FAQ with the Filmmakers (color, 12 min)
Questions and answers include:
- Can you tell us how this film came together?
- What is the relationship between priests Tanaka Riten & Tateishi K˘sh˘?
- Why are women prohibited from ascending the peak of Mt ďmine?
- How do Shugend˘ priests make a living?
- What are the paintings interwoven in the film?
- What is a kami?
- Why is it a problem to dump tatami mats in the mountains?
- What is the meaning and significance of a Shugend˘ practitioner's attire?
- How did you get those shots during the Lotus Ascent?
- How can I get Tateishi K˘sh˘'s tofu noodle recipe?
“Shugend˘ Now is a beautifully filmed, aesthetically pleasing, and religiously challenging presentation of traditional ascetic practices… One learns not just about traditional Japanese religion, but how it is alive and fits into contemporary Japanese society, as well as its more cross-cultural appeal. It has stunning and well edited visuals, a fine and appealing sound track, and informative yet unobtrusive narration.” —Paul Swanson, Japanese Journal of Religious Studies
“Shugend˘ Now is an in-depth observation of global awareness, but from an entirely different cultural perspective from that which we are accustomed… This is a beautiful, poetic film, free of preachiness and pretension, and it's sure to please the eco-conscious and the culturally curious alike.” — David Campeau, John Abbott College
“Ultimately, what I took away from this film is that even the busiest, most consumerist among us have a deep human need to recognize the sacredness of the environment, a truth the film addresses in a subtle, palatable way. And while the environmental message of the film may be its "heart," the great strength of Shugend˘ Now is its camera work.” — Meaghan Thurston, The Dominion
“The movie is filled with impressive visuals, from trees rhythmically swaying in the wind to reflections of cumulus clouds in pools of water… Shugend˘ Now ends as it began, with serene shots of nature. But in a way, the film has no beginning or end. Like the discipline of Shugend˘, it's endless, an ever-evolving way of being unbound by the temporal aspects of Earthly life.” — Luke Baynes, Burlington Movie Examiner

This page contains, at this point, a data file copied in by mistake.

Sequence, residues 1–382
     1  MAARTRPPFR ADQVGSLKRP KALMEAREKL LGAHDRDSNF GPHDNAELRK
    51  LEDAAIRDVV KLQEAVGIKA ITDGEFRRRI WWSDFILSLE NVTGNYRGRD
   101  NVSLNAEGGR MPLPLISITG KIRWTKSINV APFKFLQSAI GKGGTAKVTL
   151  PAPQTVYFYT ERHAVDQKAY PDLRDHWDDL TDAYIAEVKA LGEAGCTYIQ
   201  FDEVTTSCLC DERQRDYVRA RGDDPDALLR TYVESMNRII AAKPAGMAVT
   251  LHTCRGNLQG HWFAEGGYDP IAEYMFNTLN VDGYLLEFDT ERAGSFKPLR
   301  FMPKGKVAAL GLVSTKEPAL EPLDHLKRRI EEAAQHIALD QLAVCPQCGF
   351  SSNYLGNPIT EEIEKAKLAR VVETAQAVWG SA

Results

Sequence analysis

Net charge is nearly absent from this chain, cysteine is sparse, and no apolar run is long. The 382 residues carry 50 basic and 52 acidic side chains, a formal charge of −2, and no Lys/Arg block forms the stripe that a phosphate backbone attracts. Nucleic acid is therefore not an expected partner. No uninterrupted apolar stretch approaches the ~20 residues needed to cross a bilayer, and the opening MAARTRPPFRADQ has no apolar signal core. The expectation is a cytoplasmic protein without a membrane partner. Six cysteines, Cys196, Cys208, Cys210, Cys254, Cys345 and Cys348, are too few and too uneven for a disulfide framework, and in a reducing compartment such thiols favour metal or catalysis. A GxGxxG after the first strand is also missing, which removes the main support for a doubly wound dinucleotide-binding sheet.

“Shugendo Now is an interesting and appealing study of tradition and modernity… Suitable for high school classes and college courses in cultural anthropology, anthropology of religion, environmental anthropology, and Japan studies, as well as for general audiences.” — Jack David Eller, Anthropology Review Database
Film Festivals, Screenings, Awards
Days of Ethnographic Cinema, Russia, 2012
The Inner Path Festival, New Delhi, India, 2012
International Buddhist Film Festival, Hong Kong Asia Center (Asian premiere), 2012
IBFF, Apollo Piccadilly Circus, London, 2012
IBFF, Bangkok, Thailand, 2012 Buddhist Film Festival Europe, Amsterdam, 2011
Association of Asian Studies Annual Meeting, Honolulu, Hawaii, 2011
Shugend˘ Film Festival, London, England, 2011
International Buddhist Film Festival, California, 2010
"Japanese Folk Religions" seminar, Harvard University, Reischauer Institute, Cambridge, 2010
Congress of the Humanities and Social Sciences, MontrÚal, 2010
Green Mountain Film Festival, Montpellier, VT, 2010
Festival international du film ethnographique du QuÚbec, 2010
View more photos on www.flickr.com